And if it sounds like I'm making too much of all of this - I'll mention here that the book is evenly divided between her mum and her therapy (in fact: a good alternative title would have been: Are You My Therapist?) and that the journey of the whole book is - in a sense - to reach a some sort of an understanding of both her mum and herself. And like she says: "Analysis is in no hurry to get to the bottom of things. Therapy is usually a shorter term proposition, more focused on symptom relief.": which doubles as a secret manifesto for the book itself - it's not just there to make you (or her) feel better - it's more about churning things around and seeing what floats to the top - and then taking those things and matching them with other things: there's one point where she gets a letter from her mum where she says: "Patterns are my existence. Everything has significance. Everything must fit. It's enough to drive you crazy." (To which Bechdel responds in her narration by saying: "This search for meaningful patterns may very well be crazy, but to be enlisted with her in it thrills me. "Why do you and I do that?" I am carrying on her mission.") This is pretty much the crux of the whole book - indeed (if you were so disposed to say so - altho it does sound a bit much) the crux of human existence - looking for patterns and making order where there isn't any .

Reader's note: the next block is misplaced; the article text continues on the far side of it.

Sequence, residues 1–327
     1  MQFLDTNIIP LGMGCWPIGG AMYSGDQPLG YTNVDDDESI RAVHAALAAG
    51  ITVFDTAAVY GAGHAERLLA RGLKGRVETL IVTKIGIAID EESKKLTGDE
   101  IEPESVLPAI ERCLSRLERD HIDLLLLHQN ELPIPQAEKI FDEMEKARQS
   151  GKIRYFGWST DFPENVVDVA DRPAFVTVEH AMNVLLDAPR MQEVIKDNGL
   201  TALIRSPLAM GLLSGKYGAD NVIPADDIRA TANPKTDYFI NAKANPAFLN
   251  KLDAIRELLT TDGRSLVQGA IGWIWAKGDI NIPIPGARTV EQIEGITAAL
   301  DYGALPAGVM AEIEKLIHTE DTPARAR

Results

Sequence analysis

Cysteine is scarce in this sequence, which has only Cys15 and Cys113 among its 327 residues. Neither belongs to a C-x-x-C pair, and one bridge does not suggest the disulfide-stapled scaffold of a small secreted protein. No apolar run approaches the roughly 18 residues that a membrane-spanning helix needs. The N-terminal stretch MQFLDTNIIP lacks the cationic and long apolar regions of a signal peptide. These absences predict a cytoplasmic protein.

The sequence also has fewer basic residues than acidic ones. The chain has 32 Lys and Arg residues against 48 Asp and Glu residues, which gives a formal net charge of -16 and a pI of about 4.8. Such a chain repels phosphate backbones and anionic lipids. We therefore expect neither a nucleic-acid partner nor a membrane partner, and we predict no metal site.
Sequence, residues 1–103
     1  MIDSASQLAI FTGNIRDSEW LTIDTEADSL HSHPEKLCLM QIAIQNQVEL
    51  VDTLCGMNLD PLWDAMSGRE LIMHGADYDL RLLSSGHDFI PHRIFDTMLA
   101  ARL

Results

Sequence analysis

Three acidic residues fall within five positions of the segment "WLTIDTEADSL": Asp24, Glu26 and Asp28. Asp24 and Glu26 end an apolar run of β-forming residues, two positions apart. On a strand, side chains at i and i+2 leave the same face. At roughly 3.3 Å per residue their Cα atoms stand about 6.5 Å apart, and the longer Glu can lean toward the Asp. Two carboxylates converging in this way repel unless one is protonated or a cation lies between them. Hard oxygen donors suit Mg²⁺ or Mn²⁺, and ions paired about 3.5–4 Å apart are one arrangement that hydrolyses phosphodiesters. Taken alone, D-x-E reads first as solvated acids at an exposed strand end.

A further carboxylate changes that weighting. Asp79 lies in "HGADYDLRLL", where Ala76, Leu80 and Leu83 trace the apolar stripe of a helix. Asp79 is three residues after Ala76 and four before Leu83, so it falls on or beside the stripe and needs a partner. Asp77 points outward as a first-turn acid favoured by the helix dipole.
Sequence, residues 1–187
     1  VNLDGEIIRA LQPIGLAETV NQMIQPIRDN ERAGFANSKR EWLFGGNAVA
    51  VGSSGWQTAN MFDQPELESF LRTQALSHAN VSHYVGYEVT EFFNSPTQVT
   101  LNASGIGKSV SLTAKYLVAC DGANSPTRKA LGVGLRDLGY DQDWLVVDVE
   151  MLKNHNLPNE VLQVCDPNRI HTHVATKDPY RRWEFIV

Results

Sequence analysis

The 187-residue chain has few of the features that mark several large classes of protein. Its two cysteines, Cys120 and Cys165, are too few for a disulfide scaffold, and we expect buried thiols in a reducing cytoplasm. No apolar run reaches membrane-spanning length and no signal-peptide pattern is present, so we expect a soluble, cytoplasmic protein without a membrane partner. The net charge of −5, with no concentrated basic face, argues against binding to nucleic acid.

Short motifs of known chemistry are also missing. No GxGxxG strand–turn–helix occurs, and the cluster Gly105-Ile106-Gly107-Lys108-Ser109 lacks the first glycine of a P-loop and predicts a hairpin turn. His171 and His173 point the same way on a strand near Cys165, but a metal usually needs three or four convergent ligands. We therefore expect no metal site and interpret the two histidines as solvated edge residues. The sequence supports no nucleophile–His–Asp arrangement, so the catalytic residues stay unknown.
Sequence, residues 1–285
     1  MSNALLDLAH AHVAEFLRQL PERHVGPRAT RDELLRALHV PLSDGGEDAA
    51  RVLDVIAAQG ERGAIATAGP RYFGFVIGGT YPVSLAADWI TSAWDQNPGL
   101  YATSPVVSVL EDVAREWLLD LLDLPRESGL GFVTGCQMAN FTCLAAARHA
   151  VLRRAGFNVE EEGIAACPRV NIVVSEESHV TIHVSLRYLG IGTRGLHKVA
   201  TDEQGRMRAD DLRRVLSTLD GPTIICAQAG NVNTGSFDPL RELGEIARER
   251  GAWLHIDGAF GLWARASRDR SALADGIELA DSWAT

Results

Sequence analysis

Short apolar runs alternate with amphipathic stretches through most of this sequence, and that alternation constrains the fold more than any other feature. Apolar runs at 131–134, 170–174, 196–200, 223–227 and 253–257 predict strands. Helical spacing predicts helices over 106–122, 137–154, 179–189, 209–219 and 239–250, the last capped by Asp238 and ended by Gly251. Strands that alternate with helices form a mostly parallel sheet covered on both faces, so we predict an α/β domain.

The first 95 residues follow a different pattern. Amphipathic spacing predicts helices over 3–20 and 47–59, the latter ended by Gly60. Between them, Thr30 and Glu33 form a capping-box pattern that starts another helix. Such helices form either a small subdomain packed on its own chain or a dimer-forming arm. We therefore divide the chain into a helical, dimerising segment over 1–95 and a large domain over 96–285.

And just in case you're thinking - well - surely we could have got all this from just reading a book (a proper one - with no pictures) ? The I should say that this is all entwined perfectly with the pictures. In fact - special mention must go to the one part where your attention gets directed to three different places at once - the image of the scene - plus an unseen voice coming from inside - plus the narration covering both of those with insights from Donald Winnicott (a major player): having your consciousness sliced over in three ways is a strange experience - like trying to rub your belly and pat your head at the same time. I mean - it's thematically linked to all the other stuff - but it's still a virtuoso performance (and pretty cool). Plus - and I'm gonna struggle to get this down - so - apologises - but one of the thoughts that struck me as I read this was her now almost trademark (she does it a lot in Fun Home too) use of interspersing the images with parts of highlighted text  from letters from her mum and the work of Donald Winnicott, Virginia Woolf, Sigmund Freud, etc. Of course mostly this just shows how attached she is to the written word (and like I said before - it makes sense that she gets a lot of love from the literati seeing how indebted she is to novels and stuff) but the thing that I noticed is how - even tho she's writing what is - still essentially a book (you know - it has pages and stuff) - when she quotes from other people - it feels like she has the upper hand. That she can show you the world in three dimensions - while typical novelists can only give you the words. I'm not trying to say that comics are better than novels here (because - hey - that's silly and is a bit like trying to compare apples and oranges  and blah blah blah) but that Bechdel by placing one inside the other manages to kinda caption off the stronger text ("stronger" in that: in our culture thus far - Virginia Woolf means much more and has more - I dunno - import - than a mere comic book (with the exception of maybe Watchmen? )) and so manages to stay in charge. If I saw the same thing happening in a novel (with bits of the text from other books inserted inbetween the lines the author had written) the line of demarcation would be (obviously) much less clear and it would be harder to shift the feeling that you were reading something that had been - well - cut and pasted. But Bechdel (and it helps that she actually draws each letter so that we're not just looking at text - but a picture of text - but then - lordy - what's the difference right? "This is not a pipe" and all that ) manages to assert a sort of authorial dominance by subsuming other people's words into her comic book world.